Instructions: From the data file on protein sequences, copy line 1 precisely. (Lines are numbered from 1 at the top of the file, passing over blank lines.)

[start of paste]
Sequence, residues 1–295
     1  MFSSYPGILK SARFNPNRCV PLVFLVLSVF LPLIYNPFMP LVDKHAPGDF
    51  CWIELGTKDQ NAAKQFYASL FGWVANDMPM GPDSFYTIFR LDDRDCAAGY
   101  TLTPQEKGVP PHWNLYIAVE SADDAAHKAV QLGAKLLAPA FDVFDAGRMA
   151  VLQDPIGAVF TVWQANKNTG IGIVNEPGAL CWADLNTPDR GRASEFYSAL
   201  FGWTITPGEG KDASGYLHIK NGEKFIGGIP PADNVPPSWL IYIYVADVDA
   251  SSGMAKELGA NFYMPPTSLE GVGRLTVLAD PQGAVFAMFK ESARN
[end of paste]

Sequence, residues 1–295